Loading presentation...

Present Remotely

Send the link below via email or IM

Copy

Present to your audience

Start remote presentation

  • Invited audience members will follow you as you navigate and present
  • People invited to a presentation do not need a Prezi account
  • This link expires 10 minutes after you close the presentation
  • A maximum of 30 users can follow your presentation
  • Learn more about this feature in our knowledge base article

Do you really want to delete this prezi?

Neither you, nor the coeditors you shared it with will be able to recover it again.

DeleteCancel

Make your likes visible on Facebook?

Connect your Facebook account to Prezi and let your likes appear on your timeline.
You can change this under Settings & Account at any time.

No, thanks

How to write an effective persuasive essay

No description
by

darla scarpella

on 12 October 2013

Comments (0)

Please log in to add your comment.

Report abuse

Transcript of How to write an effective persuasive essay

How to write an effective persuasive essay
Organization
Intro
Beginning to draft a thesis:
In___________(title), ____________(author) argues that _____________________________________ because _______________(reason 1), _______________(reason 2), and _______________(reason 3).
How to incorporate COUNTERARGUMENTS
Although some people believe _________________________, the reality is ____________________________________________.

Though there are those who argue______________________,
their argument is weak because__________________________.

Opposing views think_____________________________________;
yet, research proves that__________________________________.

It has been common today to dismiss_____________________,
because evidence shows_________________________________.
In light of all the reasons, examples, evidence, statistics, and anecdotes that you've incorporated in your PERSUASION essay, what do you now want your reader to be PERSUADED to
DO
?
background information about topic, or a "hook"
your opinion on topic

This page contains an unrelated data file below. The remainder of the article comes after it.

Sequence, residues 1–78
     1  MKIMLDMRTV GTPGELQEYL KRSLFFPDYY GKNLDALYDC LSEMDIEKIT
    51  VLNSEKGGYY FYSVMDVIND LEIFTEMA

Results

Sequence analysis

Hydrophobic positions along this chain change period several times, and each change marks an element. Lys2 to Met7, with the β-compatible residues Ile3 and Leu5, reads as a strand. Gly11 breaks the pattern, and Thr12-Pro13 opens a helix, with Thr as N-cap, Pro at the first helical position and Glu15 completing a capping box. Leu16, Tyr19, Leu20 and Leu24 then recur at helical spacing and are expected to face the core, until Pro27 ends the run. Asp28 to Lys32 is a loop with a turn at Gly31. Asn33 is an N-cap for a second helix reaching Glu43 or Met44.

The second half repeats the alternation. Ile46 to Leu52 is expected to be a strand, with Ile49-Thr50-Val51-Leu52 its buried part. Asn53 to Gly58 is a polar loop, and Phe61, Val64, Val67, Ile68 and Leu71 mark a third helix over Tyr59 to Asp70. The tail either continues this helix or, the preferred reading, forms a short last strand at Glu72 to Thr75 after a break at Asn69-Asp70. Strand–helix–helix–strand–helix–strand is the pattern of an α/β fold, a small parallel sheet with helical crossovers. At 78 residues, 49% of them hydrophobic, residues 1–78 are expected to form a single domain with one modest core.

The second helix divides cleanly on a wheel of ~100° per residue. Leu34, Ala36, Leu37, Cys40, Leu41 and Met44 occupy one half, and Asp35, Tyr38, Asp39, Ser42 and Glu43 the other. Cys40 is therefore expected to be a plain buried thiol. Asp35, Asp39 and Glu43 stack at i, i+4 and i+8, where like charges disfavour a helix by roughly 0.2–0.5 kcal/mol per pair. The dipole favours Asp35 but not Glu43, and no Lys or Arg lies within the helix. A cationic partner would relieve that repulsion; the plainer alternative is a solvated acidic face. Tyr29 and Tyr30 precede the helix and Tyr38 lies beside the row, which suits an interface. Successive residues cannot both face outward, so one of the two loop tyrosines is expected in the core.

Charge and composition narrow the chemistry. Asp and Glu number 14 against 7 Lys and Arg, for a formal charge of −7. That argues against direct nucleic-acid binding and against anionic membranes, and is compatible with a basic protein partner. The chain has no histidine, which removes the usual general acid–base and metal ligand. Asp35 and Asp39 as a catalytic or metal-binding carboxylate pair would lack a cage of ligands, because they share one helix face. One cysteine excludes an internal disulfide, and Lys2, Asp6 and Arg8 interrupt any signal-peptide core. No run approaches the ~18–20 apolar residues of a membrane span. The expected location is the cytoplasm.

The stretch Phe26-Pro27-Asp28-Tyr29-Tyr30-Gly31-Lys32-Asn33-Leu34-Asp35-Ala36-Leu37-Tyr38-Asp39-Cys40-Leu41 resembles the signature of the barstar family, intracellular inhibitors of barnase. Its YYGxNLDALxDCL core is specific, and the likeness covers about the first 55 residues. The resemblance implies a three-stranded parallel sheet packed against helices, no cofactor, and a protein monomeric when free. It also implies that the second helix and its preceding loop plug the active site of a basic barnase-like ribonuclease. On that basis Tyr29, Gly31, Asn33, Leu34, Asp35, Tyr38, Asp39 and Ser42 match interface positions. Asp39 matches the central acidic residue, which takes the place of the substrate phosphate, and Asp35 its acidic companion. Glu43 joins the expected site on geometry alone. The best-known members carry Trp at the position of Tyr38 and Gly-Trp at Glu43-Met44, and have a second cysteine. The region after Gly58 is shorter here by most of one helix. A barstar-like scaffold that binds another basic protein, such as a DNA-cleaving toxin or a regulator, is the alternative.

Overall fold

a "blueprint" that shows reader the order you will provide support for your opinion (thesis)

Body
3 paragraphs, each with a topic sentence that leads back to thesis
each paragraph must have 2 pieces of detailed support for your thesis (facts, data, examples, evidence, research, statistics, anecdotes, etc.)
a counterargument
your commentary and response to opposing argument
transitions (first of all, next, finally...)
Conclusion
restate thesis (your purpose for writing)
include a Call To Action- what do you want to persuade your audience to do?

In his article, "Saying Yes to Cell Phones in Class," Jed Shahar argues that cell phones are a benefit to progressive classrooms because they allow students to quickly snap photos of assignments, quick in-class referencing, and to check grammar before turning in an assignment.
Example:
In order to persuade someone of something, it is essential to address the opposing view and then refute that view with SOLID truths.
CALL TO ACTION
Will you ask them to get out and actively support your position?

Do you have a petition for them to sign in order to get the ball rolling?

Have you given information on HOW your audience can DO something about the issue?
Topic Sentences
Introduce each paragraph's topic with a sentence that extends the "blueprint" from your thesis. This will keep you and your reader focused.
www.Prezi.com
http://prezi.com/_x1recuqrk68/edit/#0_29422575
to review this material from home:
dscarpella@gmail.com
happy persuading & manipulating
After figuring out the reasons for and against an argument, you can then formulate your own opinion and create a revised thesis.
Cell phones are a benefit to progressive classrooms because they allow student-teacher connections, world-wide researching capabilities, and personal responsibility.
Example:
The formula is
topic + opinion + blueprint = thesis
Transitions
a short list of
first, second, third... next, then, finally...

additionally,
again,
also,
and,
as well,
besides,
equally important,
further,
furthermore,
in addition,
moreover,
then
but,
however,
in spite of,
on the one hand
nevertheless,
nonetheless,
notwithstanding,
in contrast,
on the contrary,
still,
yet
accordingly,
consequently,
hence,
so,
therefore,
thus
even,
indeed,
in fact,
of course,
truly
Full transcript